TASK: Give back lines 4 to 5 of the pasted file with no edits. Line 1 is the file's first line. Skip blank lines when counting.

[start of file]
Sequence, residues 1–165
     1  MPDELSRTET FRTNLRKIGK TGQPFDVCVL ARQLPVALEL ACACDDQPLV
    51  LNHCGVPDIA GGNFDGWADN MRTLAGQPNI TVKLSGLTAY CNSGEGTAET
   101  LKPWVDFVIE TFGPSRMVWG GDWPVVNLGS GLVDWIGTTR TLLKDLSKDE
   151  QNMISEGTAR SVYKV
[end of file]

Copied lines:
   101  LKPWVDFVIE TFGPSRMVWG GDWPVVNLGS GLVDWIGTTR TLLKDLSKDE
   151  QNMISEGTAR SVYKV